• GTs can become blocked also. Small amounts of saline or water can be instilled and after a period of time (~30 minutes) flushing can be attempted. If it cannot be cleared then it needs to be replaced. There usually are two lumens – one for nutrition and one for medications. Liquid medication is preferred to be used in the GT. After using a lumen, 5-10 cc should be flushed to try to keep the lumen open.
  • Buried bumper can result from pulling on the GTs, so attention should made to not put traction on the GT. Surgery is usually needed to fix this problem.
  • Abdominal distention can result from too much air and can be easily fixed by connecting the extension tubing and allowing air to escape. Buttons usually have a valve that must be opened to allow venting.

Learning Point
GT Complications include:

  • Intra-procedural
    • Bleeding
    • Bowel perforation
    • Cardiorespiratory arrest
    • Collapsed lung
    • Death
    • Esophageal tear
    • Hemoperitoneum
    • Intraoperative laceration
    • Pneumoperitoneum
  • Post-procedural
    • Abscess
    • Bleeding
    • Death – related or unrelated to GT
    • Diaphragmatic dysfunction
    • Fever
    • Fundoplication wrap failure
    • Gastric prolapse
    • Gastric pseudopolyp
    • Gastric residue
    • Gastric separation
    • Gastroesophageal reflux
    • Gastrointestinal blockage
    • GT problems
      • Buried bumper
      • Dislodged
      • Leakage
      • Migration
      • Obstruction
      • Pulled out, intentional
      • Removal, re-operation or relocation
      • Malfunction – clogging, breaking
    • Hernia
    • Hospital admission
    • Intussuception
    • Megacolon
    • Nasogastric tube obstruction
    • Obesity
    • Pain
    • Pancreatitis
    • Perforation of stomach wall
    • Pneumonia
    • Prolonged oxygen use
    • Pseudotumoral proliferative gastric mucosa
    • Rectus sheath hematoma
    • Respiratory insufficiency
    • Sepsis
    • Stomach flu
    • Tract dehiscence
    • Ulcer
    • Unstated infection including chest
    • Urinary tract infection
    • Volvulus
    • Viscus rupture
    • Wound dehiscence
  • Stoma-related
    • Abscess
    • Cellulitis
    • Delayed closure of site after GT removal
    • Fistula
    • Granuloma
    • Pain
    • Skin
      • Infection
      • Irritation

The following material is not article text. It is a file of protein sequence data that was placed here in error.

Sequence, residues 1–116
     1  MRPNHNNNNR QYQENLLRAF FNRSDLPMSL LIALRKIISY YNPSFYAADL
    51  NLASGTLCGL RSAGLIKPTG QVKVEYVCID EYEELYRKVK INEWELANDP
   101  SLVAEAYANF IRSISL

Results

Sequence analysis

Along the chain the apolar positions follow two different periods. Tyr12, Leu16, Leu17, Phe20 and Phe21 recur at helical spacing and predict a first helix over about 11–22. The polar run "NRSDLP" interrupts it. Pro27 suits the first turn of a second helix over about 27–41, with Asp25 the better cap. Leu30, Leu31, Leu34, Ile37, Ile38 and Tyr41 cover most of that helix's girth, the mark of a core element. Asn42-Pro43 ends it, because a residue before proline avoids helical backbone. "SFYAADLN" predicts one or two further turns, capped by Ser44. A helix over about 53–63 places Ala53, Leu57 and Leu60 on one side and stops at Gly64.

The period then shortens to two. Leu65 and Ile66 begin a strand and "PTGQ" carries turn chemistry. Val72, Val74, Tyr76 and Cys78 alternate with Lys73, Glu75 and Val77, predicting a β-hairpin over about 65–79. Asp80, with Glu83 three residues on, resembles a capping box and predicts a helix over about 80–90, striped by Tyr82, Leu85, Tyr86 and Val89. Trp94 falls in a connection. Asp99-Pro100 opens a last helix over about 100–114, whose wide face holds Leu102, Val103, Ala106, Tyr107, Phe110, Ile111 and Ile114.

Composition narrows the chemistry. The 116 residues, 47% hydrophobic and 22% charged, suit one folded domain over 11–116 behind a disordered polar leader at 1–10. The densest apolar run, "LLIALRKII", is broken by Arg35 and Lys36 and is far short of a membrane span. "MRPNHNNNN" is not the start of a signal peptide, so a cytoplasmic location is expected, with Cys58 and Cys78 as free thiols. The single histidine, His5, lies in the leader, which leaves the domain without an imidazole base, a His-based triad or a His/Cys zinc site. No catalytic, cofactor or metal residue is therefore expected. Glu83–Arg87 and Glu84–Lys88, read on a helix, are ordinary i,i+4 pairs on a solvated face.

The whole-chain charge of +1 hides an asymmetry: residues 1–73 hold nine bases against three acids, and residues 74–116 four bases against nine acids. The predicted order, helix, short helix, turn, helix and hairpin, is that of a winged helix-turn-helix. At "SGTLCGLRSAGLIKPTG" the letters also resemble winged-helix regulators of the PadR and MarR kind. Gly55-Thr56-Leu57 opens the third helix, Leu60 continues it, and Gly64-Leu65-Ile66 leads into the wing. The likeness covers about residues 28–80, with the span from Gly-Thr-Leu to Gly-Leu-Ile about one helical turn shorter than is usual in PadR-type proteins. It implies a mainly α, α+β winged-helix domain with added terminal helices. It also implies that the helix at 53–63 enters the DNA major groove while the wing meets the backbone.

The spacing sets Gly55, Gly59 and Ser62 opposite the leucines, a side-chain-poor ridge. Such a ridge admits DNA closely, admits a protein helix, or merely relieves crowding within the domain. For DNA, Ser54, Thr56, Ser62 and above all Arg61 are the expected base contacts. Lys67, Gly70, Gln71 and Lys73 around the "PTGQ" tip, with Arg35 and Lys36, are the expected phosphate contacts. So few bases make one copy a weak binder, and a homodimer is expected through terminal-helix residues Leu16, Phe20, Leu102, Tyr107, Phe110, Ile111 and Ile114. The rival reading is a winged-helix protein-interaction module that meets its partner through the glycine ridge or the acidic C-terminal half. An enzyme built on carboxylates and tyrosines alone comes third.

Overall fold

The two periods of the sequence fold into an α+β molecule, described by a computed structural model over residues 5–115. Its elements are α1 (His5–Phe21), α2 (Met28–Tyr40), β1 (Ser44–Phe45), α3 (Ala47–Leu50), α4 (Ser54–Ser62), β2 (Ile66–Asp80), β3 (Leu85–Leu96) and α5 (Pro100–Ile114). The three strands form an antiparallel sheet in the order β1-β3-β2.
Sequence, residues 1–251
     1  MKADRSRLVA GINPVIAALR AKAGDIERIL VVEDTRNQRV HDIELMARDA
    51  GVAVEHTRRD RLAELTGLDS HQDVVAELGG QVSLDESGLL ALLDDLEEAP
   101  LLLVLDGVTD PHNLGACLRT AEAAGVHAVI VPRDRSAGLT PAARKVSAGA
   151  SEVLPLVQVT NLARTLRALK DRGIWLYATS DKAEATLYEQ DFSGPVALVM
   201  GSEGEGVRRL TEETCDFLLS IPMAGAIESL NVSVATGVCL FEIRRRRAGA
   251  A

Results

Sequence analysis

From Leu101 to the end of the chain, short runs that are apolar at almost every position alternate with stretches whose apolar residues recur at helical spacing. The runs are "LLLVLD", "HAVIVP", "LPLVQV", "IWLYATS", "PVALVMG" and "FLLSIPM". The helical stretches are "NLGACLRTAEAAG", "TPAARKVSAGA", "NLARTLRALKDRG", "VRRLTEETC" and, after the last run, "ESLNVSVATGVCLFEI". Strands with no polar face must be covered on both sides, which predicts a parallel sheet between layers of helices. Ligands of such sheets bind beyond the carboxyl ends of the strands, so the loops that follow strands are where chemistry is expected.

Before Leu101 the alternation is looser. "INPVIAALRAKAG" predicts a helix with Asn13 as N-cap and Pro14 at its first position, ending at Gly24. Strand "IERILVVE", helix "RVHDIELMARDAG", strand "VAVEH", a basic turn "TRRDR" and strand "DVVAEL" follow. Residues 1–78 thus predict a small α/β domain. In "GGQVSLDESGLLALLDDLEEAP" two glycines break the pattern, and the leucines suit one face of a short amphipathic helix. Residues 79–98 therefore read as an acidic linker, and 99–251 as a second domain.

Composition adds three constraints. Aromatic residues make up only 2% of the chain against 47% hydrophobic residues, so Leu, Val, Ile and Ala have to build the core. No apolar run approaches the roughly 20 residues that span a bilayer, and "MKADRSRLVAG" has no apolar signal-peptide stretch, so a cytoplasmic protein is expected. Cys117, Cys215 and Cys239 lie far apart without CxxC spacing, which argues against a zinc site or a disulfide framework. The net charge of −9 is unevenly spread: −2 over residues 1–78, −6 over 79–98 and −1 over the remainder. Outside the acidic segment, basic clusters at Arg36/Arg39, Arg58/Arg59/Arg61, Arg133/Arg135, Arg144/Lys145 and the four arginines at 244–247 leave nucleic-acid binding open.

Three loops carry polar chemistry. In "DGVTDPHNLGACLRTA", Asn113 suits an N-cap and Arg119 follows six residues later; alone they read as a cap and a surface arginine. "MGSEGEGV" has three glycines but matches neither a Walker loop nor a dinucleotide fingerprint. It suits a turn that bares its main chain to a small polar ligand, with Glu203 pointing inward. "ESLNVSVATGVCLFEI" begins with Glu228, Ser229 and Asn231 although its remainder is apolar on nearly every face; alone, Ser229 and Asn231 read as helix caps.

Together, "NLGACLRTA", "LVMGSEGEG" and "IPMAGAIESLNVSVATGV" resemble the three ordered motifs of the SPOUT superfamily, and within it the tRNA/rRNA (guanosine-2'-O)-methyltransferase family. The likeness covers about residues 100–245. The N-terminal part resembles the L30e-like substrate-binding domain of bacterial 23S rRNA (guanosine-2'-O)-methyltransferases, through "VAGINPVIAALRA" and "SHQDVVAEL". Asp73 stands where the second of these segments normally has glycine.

• Necrosis
    • Stomal herniation
  • Patient feeding
    • Abdominal distention
    • Aspiration
    • Aspiration pneumonia
    • Bloating
    • Constipation
    • Cramping
    • Delayed gastric emptying
    • Delayed feeding
    • Diarrhea
    • Electrolyte imbalance
    • Emesis
    • Ileus
    • Gastroparesis
    • Problems with feeding/medication administration
    • Malnutrition
    • Nausea
    • Retching

Questions for Further Discussion
1. What are the pros and cons of percutaneous versus surgical placement of a GT?
2. If a GT is dislodged, how long before the site can start to close up?

Related Cases

To Learn More
To view pediatric review articles on this topic from the past year check PubMed.

Evidence-based medicine information on this topic can be found at SearchingPediatrics.com and the Cochrane Database of Systematic Reviews.
Information prescriptions for patients can be found at MedlinePlus for this topic: Nutritional Support

To view current news articles on this topic check Google News.

To view images related to this topic check Google Images.

To view videos related to this topic check YouTube Videos.

McSweeney ME, Smithers CJ. Advances in Pediatric Gastrostomy Placement. Gastrointest Endosc Clin N Am. 2016 Jan;26(1):169-85.

Kapadia MZ, Joachim KC, Balasingham C, Cohen E, Mahant S, Nelson K, Maguire JL, Guttmann A, Offringa M. A Core Outcome Set for Children With Feeding Tubes and Neurologic Impairment: A Systematic Review. Pediatrics. 2016 Jul;138(1). pii: e20153967.

Fuchs S. Gastrostomy Tubes: Care and Feeding. Pediatr Emerg Care. 2017 Dec;33(12):787-791.

Yap BK, Nah SA, Chen Y, Low Y. Fundoplication with gastrostomy vs gastrostomy alone: a systematic review and meta-analysis of outcomes and complications. Pediatr Surg Int. 2017 Feb;33(2):217-228.

Donna M. D’Alessandro, MD
Professor of Pediatrics, University of Iowa